Regarding carbon dioxide readings, I did some of my testing, and I was very impressed with the accuracy. These monitors use the SenseAir S8 – a sensor I’ve come to trust after using it in the AirGradient ONE and Qingping Air Monitor. While the sensor isn’t quite as high-end as the SenseAir Sunrise in devices such as the Aranet4 Home, it’s a high-quality sensor that provides accurate readings – as long as the autocalibration ‘feature’ is managed.

Firstly, I want to discuss intra-device accuracy. Frankly, I was extremely impressed with how closely my three AirVisual monitors performed regarding CO2 readings. As you can see in the image above, the three monitors show CO2 concentrations within 12 ppm of each other (ranging from 1228 to 1240; concentrations can be seen in the top-left corner of each monitor’s screen). While this image is just one snapshot, I can confirm that this accuracy was consistent over my time using the devices.

AirVisual Pro Co2 Accuracy vs Aranet4

AirVisual vs Aranet4 Home. Airvisual shows 762ppm, Aranet4 Home shows 763ppm.

I continued to be impressed when comparing the AirVisual Pro to the Aranet4 Home CO2 monitor. This device uses Senseair’s highest-end Sunrise CO2 sensor and is known and proven accurate. I calibrated both monitors in this example, and both monitors consistently provided very similar readings between 500 and 2000 ppm (I didn’t get a chance to test higher concentrations as the apartment I am in can’t seem to pass 2000 ppm). This result is fantastic, and this is the closest tracking monitor to the Aranet4 that I’ve tried to date.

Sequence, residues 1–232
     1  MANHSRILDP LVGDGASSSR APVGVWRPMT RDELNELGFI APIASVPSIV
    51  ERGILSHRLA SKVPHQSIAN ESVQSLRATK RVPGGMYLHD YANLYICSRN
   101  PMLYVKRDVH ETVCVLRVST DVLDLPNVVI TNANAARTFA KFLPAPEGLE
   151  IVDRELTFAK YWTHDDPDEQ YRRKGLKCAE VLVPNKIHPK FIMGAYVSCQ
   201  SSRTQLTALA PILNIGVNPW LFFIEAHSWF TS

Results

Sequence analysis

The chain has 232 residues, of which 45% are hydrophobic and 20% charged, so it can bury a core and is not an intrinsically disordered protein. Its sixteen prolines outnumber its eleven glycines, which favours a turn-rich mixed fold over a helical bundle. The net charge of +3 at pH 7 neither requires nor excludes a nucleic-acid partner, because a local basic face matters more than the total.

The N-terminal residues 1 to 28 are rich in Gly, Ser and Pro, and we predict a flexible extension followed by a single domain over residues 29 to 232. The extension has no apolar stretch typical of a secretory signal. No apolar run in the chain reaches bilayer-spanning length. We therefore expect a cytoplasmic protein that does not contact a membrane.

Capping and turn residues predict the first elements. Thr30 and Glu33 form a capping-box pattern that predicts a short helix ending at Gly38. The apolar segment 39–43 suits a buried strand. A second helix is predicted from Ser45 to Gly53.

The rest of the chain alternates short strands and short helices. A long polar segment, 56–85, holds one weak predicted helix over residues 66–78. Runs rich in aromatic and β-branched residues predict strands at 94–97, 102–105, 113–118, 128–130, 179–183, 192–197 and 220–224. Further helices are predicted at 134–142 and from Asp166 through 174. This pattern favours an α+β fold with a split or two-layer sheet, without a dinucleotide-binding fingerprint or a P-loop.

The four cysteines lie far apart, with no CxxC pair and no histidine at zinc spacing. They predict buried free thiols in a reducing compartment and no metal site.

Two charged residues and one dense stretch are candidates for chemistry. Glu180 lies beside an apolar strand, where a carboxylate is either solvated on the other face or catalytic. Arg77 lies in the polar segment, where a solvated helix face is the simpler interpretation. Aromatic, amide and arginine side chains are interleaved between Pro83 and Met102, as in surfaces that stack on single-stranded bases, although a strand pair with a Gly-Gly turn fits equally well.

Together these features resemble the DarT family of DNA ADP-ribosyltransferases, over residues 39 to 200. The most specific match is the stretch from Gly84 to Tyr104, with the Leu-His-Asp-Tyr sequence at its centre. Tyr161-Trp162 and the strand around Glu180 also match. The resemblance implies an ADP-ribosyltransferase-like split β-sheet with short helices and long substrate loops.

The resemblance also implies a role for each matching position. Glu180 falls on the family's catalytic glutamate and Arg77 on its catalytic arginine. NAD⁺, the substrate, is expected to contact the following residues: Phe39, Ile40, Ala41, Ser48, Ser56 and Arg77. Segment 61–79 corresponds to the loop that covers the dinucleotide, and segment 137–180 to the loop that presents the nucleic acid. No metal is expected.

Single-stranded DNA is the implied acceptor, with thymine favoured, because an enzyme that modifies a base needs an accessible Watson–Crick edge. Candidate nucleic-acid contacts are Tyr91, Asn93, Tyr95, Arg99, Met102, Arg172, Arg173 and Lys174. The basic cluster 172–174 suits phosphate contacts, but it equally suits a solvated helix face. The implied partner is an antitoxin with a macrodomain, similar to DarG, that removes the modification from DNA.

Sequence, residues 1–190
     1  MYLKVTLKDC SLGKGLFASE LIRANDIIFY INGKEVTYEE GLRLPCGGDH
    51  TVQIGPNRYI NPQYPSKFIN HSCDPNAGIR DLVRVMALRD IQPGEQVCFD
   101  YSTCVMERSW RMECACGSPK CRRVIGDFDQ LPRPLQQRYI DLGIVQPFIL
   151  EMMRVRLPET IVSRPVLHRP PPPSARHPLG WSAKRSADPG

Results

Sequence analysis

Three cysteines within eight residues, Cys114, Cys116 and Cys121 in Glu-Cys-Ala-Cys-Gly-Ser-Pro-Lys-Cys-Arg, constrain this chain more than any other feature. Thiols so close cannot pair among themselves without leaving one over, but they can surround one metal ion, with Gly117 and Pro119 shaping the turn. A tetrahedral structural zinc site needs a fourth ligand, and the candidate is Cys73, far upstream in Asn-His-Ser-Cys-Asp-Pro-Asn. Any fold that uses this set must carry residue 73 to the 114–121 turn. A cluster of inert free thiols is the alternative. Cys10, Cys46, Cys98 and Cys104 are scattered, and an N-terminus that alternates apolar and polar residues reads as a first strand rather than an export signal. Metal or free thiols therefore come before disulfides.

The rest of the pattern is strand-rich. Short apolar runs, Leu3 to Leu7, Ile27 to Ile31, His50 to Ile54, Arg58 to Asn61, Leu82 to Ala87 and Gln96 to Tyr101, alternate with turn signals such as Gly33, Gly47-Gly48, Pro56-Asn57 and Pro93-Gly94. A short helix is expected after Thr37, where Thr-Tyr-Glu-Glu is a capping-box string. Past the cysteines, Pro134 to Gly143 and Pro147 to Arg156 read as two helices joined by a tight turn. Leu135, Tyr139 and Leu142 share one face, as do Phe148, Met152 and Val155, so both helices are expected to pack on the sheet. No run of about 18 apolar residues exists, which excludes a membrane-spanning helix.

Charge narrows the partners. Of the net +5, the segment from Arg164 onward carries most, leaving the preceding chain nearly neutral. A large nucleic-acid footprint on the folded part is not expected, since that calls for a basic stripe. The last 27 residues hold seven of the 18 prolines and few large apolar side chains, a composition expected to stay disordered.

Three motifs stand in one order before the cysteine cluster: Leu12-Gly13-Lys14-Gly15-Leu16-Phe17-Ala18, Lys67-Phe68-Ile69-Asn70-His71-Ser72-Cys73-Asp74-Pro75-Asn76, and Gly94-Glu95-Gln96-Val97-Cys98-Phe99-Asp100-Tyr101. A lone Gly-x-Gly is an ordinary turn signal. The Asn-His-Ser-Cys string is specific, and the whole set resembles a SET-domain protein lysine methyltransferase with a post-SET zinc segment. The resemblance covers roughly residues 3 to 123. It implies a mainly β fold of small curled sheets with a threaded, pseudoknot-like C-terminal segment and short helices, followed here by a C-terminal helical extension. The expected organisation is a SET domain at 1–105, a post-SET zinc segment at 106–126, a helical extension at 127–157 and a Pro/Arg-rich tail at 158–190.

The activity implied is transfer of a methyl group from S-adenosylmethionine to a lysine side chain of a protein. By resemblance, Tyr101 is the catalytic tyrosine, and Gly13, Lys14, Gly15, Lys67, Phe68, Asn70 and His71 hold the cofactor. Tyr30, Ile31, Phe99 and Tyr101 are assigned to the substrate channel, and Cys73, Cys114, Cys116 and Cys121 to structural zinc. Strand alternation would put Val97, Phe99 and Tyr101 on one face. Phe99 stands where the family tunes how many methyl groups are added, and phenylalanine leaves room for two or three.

The S8 is a common sensor found in many devices. Yet, for some reason, it seems to perform very well in the AirVisual Pro. While I have no proof of this, I believe it must be due to the algorithms that IQAir has implemented with its software. Whatever it’s done, it’s certainly worked, and I trust the CO2 values that my AirVisuals show.

Now, there is one important factor to note here. The S8 is a sensor that has auto-calibration built into it. This means that every week, the sensor will set a new baseline CO2 concentration. While this ‘feature’ is used to combat sensor drift (sensors lose their calibrations over time), it can lead to inaccurate readings if the device isn’t exposed to ambient air occasionally. While this shouldn’t cause any issues if the device is near a window that is opened frequently or in a room often left empty, it can cause an issue if it’s in a location that never sees ambient or near-ambient CO2 concentrations.

Luckily, if you do notice that the CO2 readings are unusual, you can manually recalibrate the device through the AirVisual app. To do this, take the device outside (luckily, it has an internal battery), place it somewhere away from yourself, and trigger the calibration procedure from the app. Once the calibration has been completed, you should have accurate CO2 readings again.

AirVisual Pro PM2.5 Sensor

PM2.5 sensor and (I believe) temperature probe taped to the outer shell.